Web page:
Scar Tissue: Overcoming Woes and Misconceptions of Tech Investing

Investing in technology (“tech”) usually comes with stereotypes. The stereotypes include tech being riskier, more prone to bubbles and full of loss-making companies. Given the harsh lessons of the dotcom bubble in 2000, the stereotypes are understandable to a point.1 Nevertheless, the tech sector has changed quite significantly over the past 20-odd years. Fundamentals have improved and now increasingly resemble the broad market. In this article, we sieve through the stereotypes and take a hard look at the sector, as proxied by the Nasdaq 100 (NDX Index). We then end with two case studies on more niche technology indices and illustrate the same point.

Key Takeaways

  • A small group of market leaders significantly influences industry trends and contributes to value creation within the technology sector.
  • Contrary to the perception that technology investments are high-risk, leading innovative companies score well on quality metrics like profit margins and free cash flow yields.2
  • Investing in a concentrated portfolio of leading technology firms can yield substantial returns, challenging the traditional risks associated with tech investments.

The Stereotype of Tech Being Junkier is No Longer Valid

The dotcom era, characterised by speculative investments and inflated stock prices, shaped investor perceptions of the tech sector. During this period, companies with weak financials were often overlooked as investors focused on the promise of future growth. For instance, AOL briefly became the largest company in the S&P 500 in December 1999, highlighting the exuberance of the era. However, as the bubble burst, many of these companies, including AOL, faced significant challenges, leading to a reassessment of the tech sector’s viability.

Given the money that was lost in that period, many investors have bad muscle memory when it comes to investing in tech. Especially given that at the time of writing the tech sector is on another multi-year tear, driven by artificial intelligence.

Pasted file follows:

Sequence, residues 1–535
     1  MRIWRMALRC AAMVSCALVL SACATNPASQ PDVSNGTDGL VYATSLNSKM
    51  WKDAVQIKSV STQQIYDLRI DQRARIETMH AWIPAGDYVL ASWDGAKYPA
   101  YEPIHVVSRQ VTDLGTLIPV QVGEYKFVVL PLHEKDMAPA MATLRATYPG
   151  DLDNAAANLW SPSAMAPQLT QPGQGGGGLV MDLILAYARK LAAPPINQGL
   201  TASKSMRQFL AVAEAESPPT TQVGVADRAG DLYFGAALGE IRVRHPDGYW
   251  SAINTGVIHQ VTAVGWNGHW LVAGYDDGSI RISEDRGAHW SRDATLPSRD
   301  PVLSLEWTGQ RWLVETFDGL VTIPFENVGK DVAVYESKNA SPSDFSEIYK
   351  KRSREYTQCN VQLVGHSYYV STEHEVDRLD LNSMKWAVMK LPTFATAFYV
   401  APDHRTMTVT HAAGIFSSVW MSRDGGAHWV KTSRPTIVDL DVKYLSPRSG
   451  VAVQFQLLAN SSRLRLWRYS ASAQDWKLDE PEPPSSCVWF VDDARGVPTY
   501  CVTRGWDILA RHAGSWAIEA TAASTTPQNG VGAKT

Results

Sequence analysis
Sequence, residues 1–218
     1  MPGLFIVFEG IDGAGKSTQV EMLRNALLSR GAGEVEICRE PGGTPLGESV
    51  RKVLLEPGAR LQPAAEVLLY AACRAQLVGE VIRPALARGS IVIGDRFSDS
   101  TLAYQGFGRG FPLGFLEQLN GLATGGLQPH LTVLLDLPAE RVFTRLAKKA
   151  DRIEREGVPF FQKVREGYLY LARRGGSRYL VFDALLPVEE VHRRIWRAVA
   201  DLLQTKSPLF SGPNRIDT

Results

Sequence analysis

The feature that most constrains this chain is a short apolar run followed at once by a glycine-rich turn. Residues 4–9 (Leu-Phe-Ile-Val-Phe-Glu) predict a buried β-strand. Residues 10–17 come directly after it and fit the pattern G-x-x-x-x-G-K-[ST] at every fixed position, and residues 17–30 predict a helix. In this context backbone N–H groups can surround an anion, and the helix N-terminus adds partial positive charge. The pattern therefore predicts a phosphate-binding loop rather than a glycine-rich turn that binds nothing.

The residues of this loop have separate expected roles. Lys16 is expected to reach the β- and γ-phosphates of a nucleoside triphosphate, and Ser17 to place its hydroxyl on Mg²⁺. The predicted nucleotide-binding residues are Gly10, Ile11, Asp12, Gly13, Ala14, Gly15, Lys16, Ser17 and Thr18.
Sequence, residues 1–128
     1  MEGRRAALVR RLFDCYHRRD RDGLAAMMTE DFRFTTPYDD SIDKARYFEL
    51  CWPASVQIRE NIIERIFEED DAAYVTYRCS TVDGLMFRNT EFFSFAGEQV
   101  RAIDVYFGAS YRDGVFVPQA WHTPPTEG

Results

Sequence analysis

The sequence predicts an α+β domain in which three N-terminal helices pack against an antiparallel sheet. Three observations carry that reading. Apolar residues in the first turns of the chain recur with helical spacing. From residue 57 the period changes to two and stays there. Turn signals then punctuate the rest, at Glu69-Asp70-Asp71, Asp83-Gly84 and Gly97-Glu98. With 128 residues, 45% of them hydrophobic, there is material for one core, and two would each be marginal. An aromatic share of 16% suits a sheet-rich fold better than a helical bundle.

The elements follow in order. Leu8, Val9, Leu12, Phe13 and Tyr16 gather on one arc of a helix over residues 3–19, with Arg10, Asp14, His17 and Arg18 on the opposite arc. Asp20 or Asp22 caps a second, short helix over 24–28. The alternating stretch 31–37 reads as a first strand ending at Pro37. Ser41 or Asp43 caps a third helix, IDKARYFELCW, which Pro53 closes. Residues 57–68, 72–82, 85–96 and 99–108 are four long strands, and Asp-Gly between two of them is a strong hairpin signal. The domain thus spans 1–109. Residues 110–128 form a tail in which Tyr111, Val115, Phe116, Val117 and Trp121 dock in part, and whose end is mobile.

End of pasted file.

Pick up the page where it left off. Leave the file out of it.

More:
It may be of some comfort then to look at the numbers and see how things have changed. The tech sector of today is very different to that of the turn of the millennium.

Fundamentals: How the Tech Sector Has Changed

The quality of companies in the tech sector – as proxied by the Nasdaq 100 – has changed drastically over the past two decades. There are several ways of looking at this. A favourite of mine is index turnover, which measures how many old stocks are getting thrown out of the index and new ones added in. This is an important number: if turnover is high, it is usually because companies are falling and there’s correspondingly more churn and burn. When turnover is low it indicates more stability within the constituents.

The Nasdaq 100 index turnover has stabilised over the past two decades, indicating increased stability within its constituents. This suggests that companies included in the index are demonstrating sustained performance to retain their position. From 2000 to 2010, 35% of companies remained in the NDX, a figure that increased to over 45% from 2010 to 2020. This trend underscores the sector’s maturity and enhanced stability following the tech bubble. Moreover, our analysis reveals that while the turnover has stabilised, a small subset of companies played a significant role in market capitalisation growth. Specifically, approximately 40% of the index’s market capitalisation growth can be attributed to just 5% of the companies over the specified period, highlighting their outsized contribution to value creation.